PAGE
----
After an infrared sauna session, the number of white blood cells is increased, showing that sauna use enhances the immune system and eliminates foreign pathogens and cellular waste products. Heating the body through sauna therapy is the body’s natural mechanism to fight infections. Raising body temperature by about 2 degrees and inducing a “fake fever” (hyperthermia) in a sauna assists the body to kill bacteria, fungi, parasites, and viruses. Therefore, regular sauna use significantly reduces the incidences of colds, flu, upper respiratory infections, and other infections.

3. Sleep improvement:

One of the amazing infrared sauna health benefits is feeling relaxed, rejuvenated, and renewed—leading to a deeper, more restful sleep. The rise of body temperature promotes muscle relaxation and a sleep-inducing response. The lowering of cortisol levels helps the body to de-stress and relax. Furthermore, infrared heat causes endorphins to be released, which in turn induces calmness by relaxing the body. Using an infrared sauna in the evening, prior to bedtime, helps to lull your body into some of the best sleep. Take a lukewarm or cool shower after the sauna to bring your body temperature down. The combination of heat exposure with cold thermogenesis in the evening works like a dream and helps you to sleep like a baby.

4. Enhanced energy:

Near-infrared rays activate the mitochondria (the power plants of the cells that produce our energy), which in turn help to produce more ATP (the energy currency of the cells). The heat from infrared lamps stimulates the body to make bigger and stronger mitochondria, which results in a greater capacity to produce energy. Moreover, sauna therapy assists in recycling and repairing damaged mitochondria (a process called autophagy and mitophagy), which is like housekeeping and taking the garbage out. This is key to thriving and having more steady energy throughout the day.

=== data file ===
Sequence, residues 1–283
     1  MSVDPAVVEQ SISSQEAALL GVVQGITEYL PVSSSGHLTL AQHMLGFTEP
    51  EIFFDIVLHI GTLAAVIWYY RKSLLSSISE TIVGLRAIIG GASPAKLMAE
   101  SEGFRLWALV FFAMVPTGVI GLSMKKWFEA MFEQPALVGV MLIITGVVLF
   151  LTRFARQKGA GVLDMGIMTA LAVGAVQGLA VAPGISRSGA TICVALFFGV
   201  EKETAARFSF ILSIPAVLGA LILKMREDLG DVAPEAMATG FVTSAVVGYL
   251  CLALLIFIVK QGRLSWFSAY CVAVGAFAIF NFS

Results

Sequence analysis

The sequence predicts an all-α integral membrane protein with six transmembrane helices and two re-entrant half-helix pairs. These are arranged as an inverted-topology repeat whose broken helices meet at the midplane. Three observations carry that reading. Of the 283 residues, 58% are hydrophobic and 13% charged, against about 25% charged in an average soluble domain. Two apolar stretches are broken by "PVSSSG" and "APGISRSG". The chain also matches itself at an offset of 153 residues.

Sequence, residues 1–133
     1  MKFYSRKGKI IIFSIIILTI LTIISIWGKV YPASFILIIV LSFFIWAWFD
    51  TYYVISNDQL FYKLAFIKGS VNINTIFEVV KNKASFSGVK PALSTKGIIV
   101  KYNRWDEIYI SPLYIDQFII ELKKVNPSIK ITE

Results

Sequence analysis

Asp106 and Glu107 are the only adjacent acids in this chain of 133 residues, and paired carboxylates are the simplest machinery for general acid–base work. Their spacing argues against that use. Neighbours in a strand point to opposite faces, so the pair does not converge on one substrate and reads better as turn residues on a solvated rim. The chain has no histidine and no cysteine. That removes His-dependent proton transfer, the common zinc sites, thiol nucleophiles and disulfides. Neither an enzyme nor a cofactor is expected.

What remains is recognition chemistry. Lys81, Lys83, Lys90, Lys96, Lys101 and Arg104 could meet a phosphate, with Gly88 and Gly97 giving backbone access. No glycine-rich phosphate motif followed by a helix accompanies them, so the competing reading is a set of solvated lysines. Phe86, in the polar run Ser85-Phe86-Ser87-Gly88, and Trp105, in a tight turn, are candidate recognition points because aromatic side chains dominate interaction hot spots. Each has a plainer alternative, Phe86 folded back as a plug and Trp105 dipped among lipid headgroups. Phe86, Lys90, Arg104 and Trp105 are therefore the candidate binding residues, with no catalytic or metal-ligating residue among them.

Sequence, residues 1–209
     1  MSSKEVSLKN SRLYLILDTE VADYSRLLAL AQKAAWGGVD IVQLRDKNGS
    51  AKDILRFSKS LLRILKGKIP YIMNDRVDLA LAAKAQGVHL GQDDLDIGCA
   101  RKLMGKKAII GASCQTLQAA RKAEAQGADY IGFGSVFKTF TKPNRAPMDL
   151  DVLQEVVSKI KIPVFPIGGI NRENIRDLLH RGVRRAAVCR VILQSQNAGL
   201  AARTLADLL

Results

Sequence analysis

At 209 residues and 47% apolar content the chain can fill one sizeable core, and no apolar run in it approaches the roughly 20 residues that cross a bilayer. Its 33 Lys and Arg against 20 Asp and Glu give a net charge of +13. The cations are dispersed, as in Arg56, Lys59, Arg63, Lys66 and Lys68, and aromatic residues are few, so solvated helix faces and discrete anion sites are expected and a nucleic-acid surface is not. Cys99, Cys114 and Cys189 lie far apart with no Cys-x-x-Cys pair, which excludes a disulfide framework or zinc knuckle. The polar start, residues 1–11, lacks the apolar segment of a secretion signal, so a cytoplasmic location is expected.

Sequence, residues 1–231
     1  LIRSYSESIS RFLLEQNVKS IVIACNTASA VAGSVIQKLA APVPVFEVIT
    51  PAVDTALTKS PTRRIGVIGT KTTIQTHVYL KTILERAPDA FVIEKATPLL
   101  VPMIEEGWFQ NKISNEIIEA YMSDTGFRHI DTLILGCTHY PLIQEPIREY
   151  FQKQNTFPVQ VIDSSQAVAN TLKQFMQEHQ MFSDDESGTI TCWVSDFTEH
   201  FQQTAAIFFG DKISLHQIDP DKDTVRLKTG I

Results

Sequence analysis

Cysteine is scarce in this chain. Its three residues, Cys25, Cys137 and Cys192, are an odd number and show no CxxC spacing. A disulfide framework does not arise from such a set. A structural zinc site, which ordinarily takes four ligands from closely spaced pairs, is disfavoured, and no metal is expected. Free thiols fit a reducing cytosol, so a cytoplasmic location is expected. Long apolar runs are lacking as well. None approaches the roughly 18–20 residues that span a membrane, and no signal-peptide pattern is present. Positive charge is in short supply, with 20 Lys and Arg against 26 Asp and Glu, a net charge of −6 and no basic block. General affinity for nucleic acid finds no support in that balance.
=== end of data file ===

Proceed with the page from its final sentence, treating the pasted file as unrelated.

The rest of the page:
5. Increased weight loss:

Infrared saunas aid in weight loss by heating the body’s core temperature to induce sweating. The result is increased blood flow, oxygen consumption, and heart rate, which much like moderate exercise, has shown to help with burning fat and body shaping. Near-infrared rays also help to rebuild connective tissue, and in turn, reduce the appearance of cellulite. In addition, sauna use can modulate appetite and increase metabolic rate, which may help with weight maintenance or fat loss.

6. Skin rejuvenation:

Regular sauna use has a beneficial effect on skin health and rejuvenation. Infrared rays shuttle blood to the skin’s surface and help with collagen production and cellulite reduction. Sweating aids in removing bacteria out of the epidermal layer of the skin and the sweat ducts, resulting in clearer, softer-looking, and younger skin. Sauna use may benefit people with psoriasis, eczema, acne, and other skin conditions. In short, infrared saunas help restore skin to a youthful appearance and improve overall skin tone, including elasticity, clarity, and firmness.

7. Pain relief: